Workarounds might keep you working but they can be traps, as well.
One trap is that we create a workaround and we never find a permanent solution to whatever it was that we just patched-up as a temporary fix.
The other problem is that we sometimes think we’ve provided a solution but only really provided a workaround.
Even people like me fall into this trap. I have been writing some C# programs for marketing automation. It’s not that I’ve actually automated my marketing with them just made the process somewhat less manual. In this, I’ve created some workarounds and I increasingly create more of them.
I have realized that now is the time to “stop the madness” and create a permanent solution. For me, when I needed new features in my C# programs, it’s as easy as deciding I need a new feature in my programs and adding it. I don’t even have to go through an approval process. But I’m now at a point where I do that too often – I realize that I need “real” marketing automation.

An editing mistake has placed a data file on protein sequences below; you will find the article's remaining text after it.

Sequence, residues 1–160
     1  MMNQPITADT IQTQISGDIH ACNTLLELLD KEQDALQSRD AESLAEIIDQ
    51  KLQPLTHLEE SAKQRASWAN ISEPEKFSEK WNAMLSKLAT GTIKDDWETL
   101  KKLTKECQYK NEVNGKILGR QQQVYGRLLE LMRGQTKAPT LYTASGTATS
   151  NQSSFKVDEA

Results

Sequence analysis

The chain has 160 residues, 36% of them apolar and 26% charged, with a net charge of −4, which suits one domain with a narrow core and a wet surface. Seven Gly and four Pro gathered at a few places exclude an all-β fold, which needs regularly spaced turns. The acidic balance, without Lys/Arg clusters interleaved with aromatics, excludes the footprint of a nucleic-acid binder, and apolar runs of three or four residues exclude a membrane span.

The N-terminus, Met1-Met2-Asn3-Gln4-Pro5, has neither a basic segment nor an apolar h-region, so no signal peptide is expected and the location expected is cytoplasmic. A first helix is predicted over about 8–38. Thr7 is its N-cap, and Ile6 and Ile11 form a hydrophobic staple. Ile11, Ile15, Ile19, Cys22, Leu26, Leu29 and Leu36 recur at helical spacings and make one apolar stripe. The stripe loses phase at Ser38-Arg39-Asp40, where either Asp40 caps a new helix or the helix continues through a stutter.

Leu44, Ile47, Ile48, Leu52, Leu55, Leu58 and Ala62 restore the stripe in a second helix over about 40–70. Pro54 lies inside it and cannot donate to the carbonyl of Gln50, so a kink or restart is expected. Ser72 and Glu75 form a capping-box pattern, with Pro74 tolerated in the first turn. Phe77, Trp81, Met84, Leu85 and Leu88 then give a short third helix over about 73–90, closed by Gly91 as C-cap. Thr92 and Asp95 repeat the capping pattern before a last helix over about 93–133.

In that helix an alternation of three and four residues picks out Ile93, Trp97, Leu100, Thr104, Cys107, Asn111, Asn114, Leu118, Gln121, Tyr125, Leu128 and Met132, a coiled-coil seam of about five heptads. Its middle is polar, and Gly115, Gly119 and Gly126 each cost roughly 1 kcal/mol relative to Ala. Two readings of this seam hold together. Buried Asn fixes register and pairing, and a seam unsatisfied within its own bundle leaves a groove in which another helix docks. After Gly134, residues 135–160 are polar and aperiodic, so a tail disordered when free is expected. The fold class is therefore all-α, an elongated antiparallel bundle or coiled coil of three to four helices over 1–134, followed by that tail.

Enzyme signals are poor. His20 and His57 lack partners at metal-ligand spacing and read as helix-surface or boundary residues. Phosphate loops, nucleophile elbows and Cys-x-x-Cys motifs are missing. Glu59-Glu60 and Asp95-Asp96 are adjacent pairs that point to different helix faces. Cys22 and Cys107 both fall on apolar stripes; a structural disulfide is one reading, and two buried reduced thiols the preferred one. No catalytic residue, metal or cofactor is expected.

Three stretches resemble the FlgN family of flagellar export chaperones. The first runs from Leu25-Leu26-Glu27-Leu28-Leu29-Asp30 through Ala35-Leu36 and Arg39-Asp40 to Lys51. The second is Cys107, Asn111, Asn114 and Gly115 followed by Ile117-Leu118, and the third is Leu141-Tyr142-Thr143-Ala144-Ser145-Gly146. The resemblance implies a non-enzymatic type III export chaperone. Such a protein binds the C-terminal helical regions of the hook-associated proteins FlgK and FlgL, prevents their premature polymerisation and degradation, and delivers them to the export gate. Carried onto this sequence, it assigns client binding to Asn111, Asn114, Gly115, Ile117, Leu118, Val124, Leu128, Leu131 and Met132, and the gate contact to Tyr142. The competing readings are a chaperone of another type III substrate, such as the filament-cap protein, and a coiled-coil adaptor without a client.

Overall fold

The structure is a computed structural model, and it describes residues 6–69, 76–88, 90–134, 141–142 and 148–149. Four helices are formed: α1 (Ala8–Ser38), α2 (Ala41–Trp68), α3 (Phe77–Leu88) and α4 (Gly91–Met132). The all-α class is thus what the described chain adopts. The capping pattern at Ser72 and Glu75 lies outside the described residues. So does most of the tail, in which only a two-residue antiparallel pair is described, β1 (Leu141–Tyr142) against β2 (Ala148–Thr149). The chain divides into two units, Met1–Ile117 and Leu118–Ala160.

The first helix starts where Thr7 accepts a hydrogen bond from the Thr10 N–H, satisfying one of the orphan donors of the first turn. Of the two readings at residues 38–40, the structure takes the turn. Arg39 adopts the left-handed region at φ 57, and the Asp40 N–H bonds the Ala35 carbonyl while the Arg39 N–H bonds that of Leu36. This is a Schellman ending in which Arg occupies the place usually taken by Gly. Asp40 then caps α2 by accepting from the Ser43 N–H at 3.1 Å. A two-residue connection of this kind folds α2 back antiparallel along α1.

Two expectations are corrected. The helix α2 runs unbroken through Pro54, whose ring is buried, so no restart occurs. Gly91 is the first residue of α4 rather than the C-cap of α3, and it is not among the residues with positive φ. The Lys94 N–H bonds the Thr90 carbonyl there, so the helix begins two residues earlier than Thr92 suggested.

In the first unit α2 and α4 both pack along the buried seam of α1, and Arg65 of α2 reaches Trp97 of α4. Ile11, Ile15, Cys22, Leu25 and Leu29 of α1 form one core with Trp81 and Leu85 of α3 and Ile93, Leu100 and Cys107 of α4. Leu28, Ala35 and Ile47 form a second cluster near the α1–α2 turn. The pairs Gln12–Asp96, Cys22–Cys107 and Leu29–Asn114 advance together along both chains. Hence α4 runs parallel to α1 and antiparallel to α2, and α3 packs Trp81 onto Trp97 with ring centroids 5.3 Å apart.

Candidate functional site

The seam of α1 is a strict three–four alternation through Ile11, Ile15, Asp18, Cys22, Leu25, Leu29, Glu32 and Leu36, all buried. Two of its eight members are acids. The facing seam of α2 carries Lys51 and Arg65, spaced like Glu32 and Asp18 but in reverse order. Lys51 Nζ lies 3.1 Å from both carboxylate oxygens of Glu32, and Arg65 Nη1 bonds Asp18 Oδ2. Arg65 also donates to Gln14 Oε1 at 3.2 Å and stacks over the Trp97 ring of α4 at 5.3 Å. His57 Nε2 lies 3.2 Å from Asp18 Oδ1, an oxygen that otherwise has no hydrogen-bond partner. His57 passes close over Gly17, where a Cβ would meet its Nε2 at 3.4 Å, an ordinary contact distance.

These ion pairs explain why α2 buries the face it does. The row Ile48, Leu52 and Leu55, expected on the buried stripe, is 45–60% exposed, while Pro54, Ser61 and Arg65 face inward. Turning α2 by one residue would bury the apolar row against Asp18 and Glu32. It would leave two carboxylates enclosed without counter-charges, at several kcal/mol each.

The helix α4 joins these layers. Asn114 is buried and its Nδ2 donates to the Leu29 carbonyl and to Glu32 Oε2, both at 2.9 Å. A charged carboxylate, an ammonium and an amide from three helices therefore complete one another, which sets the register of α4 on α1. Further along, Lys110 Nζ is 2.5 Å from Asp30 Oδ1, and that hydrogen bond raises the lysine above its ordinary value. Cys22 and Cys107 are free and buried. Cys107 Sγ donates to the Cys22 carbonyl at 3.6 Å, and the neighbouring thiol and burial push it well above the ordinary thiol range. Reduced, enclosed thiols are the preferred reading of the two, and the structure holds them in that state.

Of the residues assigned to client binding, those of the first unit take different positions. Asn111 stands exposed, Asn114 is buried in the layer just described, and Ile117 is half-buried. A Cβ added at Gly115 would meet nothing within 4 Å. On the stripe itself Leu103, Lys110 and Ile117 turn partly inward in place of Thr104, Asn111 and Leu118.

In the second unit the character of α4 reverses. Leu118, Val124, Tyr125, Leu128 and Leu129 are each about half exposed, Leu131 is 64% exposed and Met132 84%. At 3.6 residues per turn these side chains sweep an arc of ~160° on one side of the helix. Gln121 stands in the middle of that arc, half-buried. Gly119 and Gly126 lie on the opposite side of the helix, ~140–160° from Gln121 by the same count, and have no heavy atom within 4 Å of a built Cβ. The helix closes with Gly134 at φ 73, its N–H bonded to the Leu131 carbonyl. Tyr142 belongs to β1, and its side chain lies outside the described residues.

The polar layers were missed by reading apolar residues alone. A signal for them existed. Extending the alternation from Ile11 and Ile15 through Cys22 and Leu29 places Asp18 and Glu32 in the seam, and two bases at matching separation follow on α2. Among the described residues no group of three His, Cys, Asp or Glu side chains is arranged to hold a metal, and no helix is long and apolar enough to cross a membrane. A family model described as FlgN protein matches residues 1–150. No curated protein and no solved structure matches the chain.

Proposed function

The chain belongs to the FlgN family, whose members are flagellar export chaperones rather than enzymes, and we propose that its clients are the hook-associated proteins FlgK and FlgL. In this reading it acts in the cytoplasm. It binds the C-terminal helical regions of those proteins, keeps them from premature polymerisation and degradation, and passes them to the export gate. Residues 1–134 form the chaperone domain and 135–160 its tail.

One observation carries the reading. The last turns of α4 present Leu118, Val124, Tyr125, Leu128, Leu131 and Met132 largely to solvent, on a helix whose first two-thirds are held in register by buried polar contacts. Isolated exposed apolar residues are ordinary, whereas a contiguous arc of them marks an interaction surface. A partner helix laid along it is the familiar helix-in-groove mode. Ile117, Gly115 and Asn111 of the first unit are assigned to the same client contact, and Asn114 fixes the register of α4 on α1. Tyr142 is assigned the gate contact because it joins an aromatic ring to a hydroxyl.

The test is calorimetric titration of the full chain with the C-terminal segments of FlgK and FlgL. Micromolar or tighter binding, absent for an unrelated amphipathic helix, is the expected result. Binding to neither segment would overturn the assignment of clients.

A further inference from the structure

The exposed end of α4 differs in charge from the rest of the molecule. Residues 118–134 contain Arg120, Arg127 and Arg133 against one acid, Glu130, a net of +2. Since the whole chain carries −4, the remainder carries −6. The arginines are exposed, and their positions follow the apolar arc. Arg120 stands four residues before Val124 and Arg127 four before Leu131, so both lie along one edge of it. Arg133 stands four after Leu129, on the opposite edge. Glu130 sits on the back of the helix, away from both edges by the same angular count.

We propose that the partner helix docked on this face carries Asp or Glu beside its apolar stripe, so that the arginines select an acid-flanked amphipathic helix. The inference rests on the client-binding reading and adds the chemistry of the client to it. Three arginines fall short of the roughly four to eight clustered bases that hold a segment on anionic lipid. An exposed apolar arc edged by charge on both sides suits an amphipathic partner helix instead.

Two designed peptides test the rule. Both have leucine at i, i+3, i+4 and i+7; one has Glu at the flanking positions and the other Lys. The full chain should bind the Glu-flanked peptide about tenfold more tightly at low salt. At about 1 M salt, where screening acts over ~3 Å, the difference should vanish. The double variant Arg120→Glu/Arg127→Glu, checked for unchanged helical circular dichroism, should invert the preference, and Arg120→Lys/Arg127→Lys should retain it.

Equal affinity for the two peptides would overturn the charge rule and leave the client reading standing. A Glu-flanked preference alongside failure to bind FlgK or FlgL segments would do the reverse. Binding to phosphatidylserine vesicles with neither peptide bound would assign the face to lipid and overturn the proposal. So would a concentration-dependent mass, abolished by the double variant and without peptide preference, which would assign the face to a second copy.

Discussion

Sometimes, when customers ask for new programs, they become too comfortable with the process of getting the budget and asking for the programs. Once the program goes to someone to work on, it is kind of an “out of sight, out of mind” situation where the customer might not realize that what they really need isn’t more programs in their current system but possibly some add-on that would do a better job at the task.
How Do You Know?
So, how do you know when you’re really just doing workarounds rather than solutions? There’s a fine line to this. One guideline is that, if you’re asking for programs too often, or too many changes or additions to your system, it might be time to consider buying an add-on (or completely different system) as a more economical and better way to address what you need. Notice I used some words in my advice that are still subjective. What does it mean that it’s “too often,” for example? Once, again, I’ll say this is tricky. You have to keep track of how much work you’re asking for and, as a team, evaluate whether it might be getting out of hand.